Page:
Single Seat De-regulated (SSDR) Microlight twin - Conceptual Design

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Floydr92

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Some initial sizing with the twin wing mounted pusher config. Not sure if I can get away with slightly reducing both horizontal and vertical tails based on the additional prop wash, or if I should be sticking the horizontal up on the vertical to form a T-tail. This reduces my required horizontal tail area by 0.05m^2, which isn't much but then the tail being in the prop wash might reduce cruise speed? Advice here is appreciated.

I estimated the CLmax as 2.5 with slotted fowlers, which I think is achievable given the dyn-aero at up to 3.0

I understand my writing is crap but if anyone could have a browse over these it would be great. Thanks...image.jpg
 

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addaon

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Is that an 0.03 vertical tail volume coefficient? Seems a bit light; what's the rudder deflection OEI?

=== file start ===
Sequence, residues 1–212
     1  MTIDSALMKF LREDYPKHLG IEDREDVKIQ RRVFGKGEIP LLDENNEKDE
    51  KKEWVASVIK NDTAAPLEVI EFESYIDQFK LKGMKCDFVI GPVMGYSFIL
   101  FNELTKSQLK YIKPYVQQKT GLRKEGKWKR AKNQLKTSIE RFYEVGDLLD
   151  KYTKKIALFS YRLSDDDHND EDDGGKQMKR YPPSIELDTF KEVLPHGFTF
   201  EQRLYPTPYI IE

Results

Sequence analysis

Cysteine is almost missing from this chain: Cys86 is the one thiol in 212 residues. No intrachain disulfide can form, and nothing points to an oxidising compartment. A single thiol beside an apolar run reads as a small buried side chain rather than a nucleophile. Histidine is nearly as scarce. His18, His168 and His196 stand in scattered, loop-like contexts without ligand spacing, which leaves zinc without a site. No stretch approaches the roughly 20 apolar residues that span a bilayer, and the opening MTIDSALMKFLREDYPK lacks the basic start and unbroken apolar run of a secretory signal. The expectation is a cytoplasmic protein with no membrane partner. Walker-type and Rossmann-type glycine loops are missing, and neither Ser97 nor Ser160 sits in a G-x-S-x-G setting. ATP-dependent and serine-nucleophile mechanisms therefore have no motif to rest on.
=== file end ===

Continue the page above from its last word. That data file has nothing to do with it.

With a chord below 0.6 m, your Reynolds number is below a million... CLmax of 2.5 seems optimistic, even with high-complexity flaps.
 

Floydr92

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Is that an 0.03 vertical tail volume coefficient? Seems a bit light; what's the rudder deflection OEI?

With a chord below 0.6 m, your Reynolds number is below a million... CLmax of 2.5 seems optimistic, even with high-complexity flaps.
yes, 0.03 is the coefficient as taken from tables in raymers books. Sailplane was at 0.02 while homebuilt at 0.04, so i assumed mine would sit somewhere between the two.

Sorry, i don't know what you mean by OEI? Rudder as guesstimated is 40% chord, -20 deg to 20 deg

What i like about the Dyn-aero double slotted fixed fowlers, or 'complicated flaps', is that they're very simple.